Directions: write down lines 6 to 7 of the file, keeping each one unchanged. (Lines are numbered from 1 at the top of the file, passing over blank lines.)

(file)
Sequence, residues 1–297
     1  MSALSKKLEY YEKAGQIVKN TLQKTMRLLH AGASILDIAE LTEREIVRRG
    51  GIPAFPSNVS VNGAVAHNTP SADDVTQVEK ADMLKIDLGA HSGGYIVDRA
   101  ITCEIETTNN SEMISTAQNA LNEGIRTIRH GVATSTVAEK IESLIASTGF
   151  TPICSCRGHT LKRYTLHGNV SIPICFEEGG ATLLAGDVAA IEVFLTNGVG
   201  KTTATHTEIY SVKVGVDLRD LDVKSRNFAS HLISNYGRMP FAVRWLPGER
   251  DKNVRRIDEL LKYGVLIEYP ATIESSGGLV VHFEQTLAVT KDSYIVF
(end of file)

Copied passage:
   201  KTTATHTEIY SVKVGVDLRD LDVKSRNFAS HLISNYGRMP FAVRWLPGER
   251  DKNVRRIDEL LKYGVLIEYP ATIESSGGLV VHFEQTLAVT KDSYIVF